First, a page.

Conferencing It Up!

I’m at a conference on the east coast of our dear country right now. I’m smoozzing with the big-wigs in my field and learning all kinds of stuff. My research has been a pretty big hit so far.

The thing I LOVE about conferences is how excited they make me about my work. For 2-3 months after I get back from a conference all I want to do is work. All I think about it new ideas and I’m motivated as hell to get stuff done. Sure, it costs my boss around $1,200 for me to come to this conference. But you know what? In the long run he gets far more out of it than the money that he puts in.

I’d say that my productivity goes up about 300% for about two weeks after I get back from a conference. Also, the best ideas I get come from talking about and explaining my science to others in the field who know enough to understand what I do and ask good questions, but don’t know *everything*. Those conversations lead me to realize what experiments I really should do next, motivate me to do them and get me excited about the peripheral literature again.

All in all, I’d say that it is $1,200 well spent on his part.

And thus the old adage is true: It takes money to make money.

Getting people in science is actually a huge money risk. It takes at least 3-4 years to train a graduate student so that they can do SOMETHING proficiently on their own. Then you get about 1-2 years of decent work out of them before they leave you to go be a money drain on someone else. And you just hope during that time that you get enough papers and decent work out of their time to justify the initial expense and get you data enough to put in a grant so that you can get money to fund the next 3-4 years of ridiculously pathetic graduate students.

As a post-doc I haven’t decided if I’m more or less of a risk. Typically post-docs take less time to train (I took a little more because I had a huge field shift). But it took me about 8 months to feel comfortable in the lab and then another 4 after that to start getting shit done. I’m not sure if that is average or what, but I was able to start contributing significantly within a year of joining the lab.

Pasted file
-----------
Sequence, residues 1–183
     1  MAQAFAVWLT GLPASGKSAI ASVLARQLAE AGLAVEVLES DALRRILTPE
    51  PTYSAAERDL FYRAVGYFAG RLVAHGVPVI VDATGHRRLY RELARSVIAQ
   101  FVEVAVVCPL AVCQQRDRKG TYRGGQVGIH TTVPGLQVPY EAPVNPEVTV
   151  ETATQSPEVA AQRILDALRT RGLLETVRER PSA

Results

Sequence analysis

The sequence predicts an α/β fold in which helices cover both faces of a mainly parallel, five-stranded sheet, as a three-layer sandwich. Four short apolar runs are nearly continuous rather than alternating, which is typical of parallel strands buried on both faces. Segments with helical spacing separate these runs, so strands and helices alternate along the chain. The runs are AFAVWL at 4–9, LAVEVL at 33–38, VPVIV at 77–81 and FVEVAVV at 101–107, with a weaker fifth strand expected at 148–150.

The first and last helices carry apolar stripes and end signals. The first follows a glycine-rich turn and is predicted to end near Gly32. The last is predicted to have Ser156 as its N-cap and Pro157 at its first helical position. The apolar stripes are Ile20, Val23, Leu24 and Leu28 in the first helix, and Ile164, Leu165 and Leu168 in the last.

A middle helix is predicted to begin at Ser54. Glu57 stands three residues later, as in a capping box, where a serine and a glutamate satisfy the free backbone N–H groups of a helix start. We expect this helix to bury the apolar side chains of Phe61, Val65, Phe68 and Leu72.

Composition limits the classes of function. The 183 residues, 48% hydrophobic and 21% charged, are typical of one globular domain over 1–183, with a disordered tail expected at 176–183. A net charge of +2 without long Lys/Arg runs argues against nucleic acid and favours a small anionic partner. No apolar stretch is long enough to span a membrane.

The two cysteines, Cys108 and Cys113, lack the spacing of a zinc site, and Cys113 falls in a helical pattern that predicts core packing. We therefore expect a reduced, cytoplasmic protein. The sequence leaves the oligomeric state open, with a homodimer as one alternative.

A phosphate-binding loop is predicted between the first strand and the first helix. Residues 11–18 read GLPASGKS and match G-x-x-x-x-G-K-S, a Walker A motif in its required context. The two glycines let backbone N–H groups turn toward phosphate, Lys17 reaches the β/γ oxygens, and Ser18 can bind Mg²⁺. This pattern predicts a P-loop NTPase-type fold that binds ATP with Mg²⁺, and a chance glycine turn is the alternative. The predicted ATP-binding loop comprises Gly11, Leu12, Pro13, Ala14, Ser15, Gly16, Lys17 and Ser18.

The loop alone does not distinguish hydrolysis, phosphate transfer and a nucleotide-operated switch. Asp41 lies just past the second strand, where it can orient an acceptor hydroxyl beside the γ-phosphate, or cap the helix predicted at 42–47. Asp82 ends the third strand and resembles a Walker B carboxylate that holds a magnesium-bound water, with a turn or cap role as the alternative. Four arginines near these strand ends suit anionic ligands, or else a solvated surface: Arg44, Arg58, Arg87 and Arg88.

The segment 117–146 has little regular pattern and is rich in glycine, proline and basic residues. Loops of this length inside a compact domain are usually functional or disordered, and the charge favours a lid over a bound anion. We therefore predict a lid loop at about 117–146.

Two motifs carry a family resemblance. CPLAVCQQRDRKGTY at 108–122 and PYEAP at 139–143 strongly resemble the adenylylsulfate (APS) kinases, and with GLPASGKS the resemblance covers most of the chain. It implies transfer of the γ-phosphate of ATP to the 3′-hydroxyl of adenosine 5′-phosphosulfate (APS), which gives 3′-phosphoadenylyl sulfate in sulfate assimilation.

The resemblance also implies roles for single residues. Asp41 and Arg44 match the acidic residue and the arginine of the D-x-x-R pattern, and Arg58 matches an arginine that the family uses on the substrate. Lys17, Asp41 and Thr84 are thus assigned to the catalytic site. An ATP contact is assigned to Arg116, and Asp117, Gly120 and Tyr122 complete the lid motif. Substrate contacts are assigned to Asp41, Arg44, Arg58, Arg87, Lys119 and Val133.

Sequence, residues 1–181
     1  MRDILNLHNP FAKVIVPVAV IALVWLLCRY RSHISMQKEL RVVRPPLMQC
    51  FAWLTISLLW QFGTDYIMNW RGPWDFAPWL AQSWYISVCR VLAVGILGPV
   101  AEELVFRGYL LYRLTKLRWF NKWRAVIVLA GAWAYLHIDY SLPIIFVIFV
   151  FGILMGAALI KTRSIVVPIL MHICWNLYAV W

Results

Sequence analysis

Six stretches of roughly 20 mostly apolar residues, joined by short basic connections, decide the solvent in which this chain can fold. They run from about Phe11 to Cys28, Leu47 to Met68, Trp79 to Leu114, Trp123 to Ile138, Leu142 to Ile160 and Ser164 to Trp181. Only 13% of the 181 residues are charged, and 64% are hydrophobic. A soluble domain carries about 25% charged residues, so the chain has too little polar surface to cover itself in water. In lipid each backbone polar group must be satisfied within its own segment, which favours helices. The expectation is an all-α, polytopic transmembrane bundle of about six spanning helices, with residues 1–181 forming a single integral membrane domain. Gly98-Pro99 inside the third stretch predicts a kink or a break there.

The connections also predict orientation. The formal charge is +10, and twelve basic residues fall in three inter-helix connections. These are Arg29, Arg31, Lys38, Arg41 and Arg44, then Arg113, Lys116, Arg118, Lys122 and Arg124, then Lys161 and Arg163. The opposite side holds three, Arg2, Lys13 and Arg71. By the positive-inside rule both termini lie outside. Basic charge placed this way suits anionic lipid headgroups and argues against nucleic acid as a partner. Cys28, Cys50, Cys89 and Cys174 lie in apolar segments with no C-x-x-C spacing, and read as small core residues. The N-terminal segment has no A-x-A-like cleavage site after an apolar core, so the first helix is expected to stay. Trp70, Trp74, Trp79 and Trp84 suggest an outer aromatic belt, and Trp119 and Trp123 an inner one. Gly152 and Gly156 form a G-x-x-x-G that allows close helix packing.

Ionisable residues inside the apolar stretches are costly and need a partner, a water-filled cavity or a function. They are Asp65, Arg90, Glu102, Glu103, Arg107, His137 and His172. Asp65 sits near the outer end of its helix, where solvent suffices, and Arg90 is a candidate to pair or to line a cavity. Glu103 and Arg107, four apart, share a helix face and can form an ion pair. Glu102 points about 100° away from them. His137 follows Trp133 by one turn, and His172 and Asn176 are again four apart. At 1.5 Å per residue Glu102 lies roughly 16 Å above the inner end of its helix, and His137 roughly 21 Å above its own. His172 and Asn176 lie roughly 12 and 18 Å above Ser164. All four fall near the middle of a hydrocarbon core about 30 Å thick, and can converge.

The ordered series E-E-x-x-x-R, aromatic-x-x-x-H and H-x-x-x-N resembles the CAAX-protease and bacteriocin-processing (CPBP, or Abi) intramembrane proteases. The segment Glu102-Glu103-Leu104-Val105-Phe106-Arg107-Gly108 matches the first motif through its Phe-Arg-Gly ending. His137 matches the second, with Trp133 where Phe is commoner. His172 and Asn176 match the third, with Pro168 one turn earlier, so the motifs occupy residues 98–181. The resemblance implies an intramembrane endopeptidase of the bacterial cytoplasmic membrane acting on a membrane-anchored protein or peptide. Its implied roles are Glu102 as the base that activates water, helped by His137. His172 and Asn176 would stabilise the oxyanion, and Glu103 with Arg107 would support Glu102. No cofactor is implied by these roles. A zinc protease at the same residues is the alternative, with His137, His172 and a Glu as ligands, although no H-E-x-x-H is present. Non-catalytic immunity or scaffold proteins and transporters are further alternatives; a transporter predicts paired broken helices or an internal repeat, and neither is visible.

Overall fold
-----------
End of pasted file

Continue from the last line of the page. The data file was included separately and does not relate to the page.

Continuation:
And then I’ll be pushed out on my own into an assistant professor position. And then it will be sink or swim – and that is terribly intimidating because at that point you have no one to blame but yourself. I’m still at least a year out before I have to start applying for the “next step” – and I’m debating whether I want to do a second postdoc or just go straight into an academic position.

It is scary and intimidating knowing that this is looming in front of me. And then I have the whole tenure issue to figure out.

But as I was sitting at the meeting and thinking of the conversations that I was having with people I realized that the only thing that was stopping me from a kick ass academic career was my own self doubt. It is obvious when I talk to people at meetings that they think I’d be a good faculty member, my CV shows that I’ve been preparing for such a career, I’ve gotten the grants and the papers to make it happen. The only thing I need is some good ideas to get me going. The community has supported me and I’ve been told quite a few times on different occasions by faculty members that they hope I’ll consider their school when I start applying for positions. That seems like the path I’m headed down, but it still scares the crap out of me. I just don’t think I’m good enough to do it.

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One Response to Conferencing It Up!

  1. BALLS!

    You’re totally good enough to do it. You just need to get stuff “on paper” that proves you can do it. But I think that everyone out there (and pretty much all of your friends) know that you can do it. Now, you just need to do it, which of course, requires more data, papers, blah blah etc. =)

    I ❤ YOU! You're awesome!

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